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    No, it is a later system, a direct prototype predecessor to the GSCube.
     
  16. unclejun

    unclejun Site Supporter 2011-2014

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    That sounds like an amazing find, can't wait to read your piece about it!
     
  17. wisi

    wisi Active Member

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    Does "GSM n" stand for Graphics Synthesizer Module/Memory n, meaning that this has four GS chips (each of which with a separate EE, IOP, PCI bridge)?
    I wonder how the images from the GS chips are combined, whether they linked in a chain through their digital video inputs and outputs or that is done by a separate IC.
    How close (or different) is the hardware to that of a normal PS2? It would be interesting to know if the GS control registers are any similar to a "normal" GS.
    It sounds amazing that it was at all possible to make such a rare device operate properly, knowing how much the lack of documentation about some areas of the PS2 hinders the development of high-performance or even correctly functioning drivers.

    EDIT: Based on the post by SP193 below:
    Maybe there is a limitation in how multiple GS chips can be linked to form a common image. This may be why the known variants of this hardware (assuming this GSBox is 2x2 GS) are:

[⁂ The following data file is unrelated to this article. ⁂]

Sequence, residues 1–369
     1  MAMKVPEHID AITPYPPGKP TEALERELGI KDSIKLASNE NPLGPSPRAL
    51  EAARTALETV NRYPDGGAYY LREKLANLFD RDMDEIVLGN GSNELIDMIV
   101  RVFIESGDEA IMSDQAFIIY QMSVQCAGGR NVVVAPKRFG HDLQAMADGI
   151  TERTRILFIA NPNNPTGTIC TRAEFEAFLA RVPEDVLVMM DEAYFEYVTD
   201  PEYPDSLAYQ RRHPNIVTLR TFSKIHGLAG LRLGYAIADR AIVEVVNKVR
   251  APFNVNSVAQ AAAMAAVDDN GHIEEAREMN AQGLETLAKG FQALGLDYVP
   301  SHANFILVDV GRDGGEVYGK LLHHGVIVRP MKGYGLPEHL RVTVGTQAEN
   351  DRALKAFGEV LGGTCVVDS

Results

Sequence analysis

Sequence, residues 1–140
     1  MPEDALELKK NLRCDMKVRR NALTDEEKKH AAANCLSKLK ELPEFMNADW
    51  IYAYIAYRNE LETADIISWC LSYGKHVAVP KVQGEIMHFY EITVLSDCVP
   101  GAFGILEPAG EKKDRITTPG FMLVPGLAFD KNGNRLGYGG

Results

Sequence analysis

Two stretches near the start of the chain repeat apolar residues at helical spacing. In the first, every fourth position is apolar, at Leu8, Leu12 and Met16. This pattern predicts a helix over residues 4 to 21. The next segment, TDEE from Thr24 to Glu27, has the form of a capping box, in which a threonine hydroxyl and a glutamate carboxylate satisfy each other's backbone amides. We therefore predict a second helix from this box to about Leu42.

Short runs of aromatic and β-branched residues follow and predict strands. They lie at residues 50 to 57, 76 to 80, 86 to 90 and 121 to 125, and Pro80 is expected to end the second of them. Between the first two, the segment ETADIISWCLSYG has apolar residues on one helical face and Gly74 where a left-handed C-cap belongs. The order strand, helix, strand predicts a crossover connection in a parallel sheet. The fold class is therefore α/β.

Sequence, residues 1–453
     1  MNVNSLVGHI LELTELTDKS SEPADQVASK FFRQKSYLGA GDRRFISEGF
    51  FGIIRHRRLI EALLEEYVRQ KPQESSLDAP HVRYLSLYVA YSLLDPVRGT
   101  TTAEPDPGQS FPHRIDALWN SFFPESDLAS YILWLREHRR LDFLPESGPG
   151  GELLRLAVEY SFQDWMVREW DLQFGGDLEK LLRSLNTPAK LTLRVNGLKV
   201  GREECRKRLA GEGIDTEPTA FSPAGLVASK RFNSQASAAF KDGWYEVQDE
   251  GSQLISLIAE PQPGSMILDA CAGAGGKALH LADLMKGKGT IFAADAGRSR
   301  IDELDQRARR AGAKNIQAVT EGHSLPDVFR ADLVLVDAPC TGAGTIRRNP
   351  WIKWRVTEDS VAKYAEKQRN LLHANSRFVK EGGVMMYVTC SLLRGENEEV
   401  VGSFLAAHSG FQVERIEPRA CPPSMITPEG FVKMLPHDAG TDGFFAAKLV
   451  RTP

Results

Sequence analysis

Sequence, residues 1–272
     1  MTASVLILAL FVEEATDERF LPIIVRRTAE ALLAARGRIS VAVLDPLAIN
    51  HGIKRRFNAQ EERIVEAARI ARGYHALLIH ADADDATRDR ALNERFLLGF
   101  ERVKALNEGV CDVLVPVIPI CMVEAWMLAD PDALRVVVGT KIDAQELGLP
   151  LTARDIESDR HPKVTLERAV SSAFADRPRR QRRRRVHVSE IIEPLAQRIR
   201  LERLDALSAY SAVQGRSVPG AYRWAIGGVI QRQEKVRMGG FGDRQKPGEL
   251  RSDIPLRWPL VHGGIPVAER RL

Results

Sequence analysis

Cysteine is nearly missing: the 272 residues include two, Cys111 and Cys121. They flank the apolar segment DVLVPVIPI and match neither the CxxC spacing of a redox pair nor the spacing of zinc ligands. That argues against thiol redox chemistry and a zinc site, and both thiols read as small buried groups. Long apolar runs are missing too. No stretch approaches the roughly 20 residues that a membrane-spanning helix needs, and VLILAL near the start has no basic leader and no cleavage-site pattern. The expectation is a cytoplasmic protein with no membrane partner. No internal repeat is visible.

GSBox 2x2
    GSCube (16) 4x4
    GSCube (64) 8x8
    So it may be that only powers of two can be the number of images that make-up the sides of the image, which would explain why they needed to jump from 16 GS chips all the way to 64GS chips.
     
    Last edited: Jun 15, 2018
  18. sp193

    sp193 Site Soldier

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    Does this demo screen mean that it has multiple GS devices, with each one rendering a different corner of the screen?

    We've long wondered why/how the PlayStation 2 GS has high-resolution modes like 1080I, but is apparently poorly-equipped to support such resolutions. So far, Maximus32 has gotten full-resolution 1080I support... through rendering the screen across multiple passes.
    I think it was always assumed that the GSCube has much more memory than a the common GS, but maybe not...

    Thanks for sharing.
     
  19. DeChief

    DeChief Rustled.

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    Thanks for outbidding me on that.
     
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  20. TriMesh

    TriMesh Site Supporter 2013-2017

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    The ones in the GScube had 32MB per chip as opposed to 4MB in the standard GS used in the PS2.

    It's hard to know what's in this test system - depending on when it was built it could either have the standard retail GS with 4MB or the one with the expanded memory - it would depend on where they were in the development process and if they had the revised silicon yet.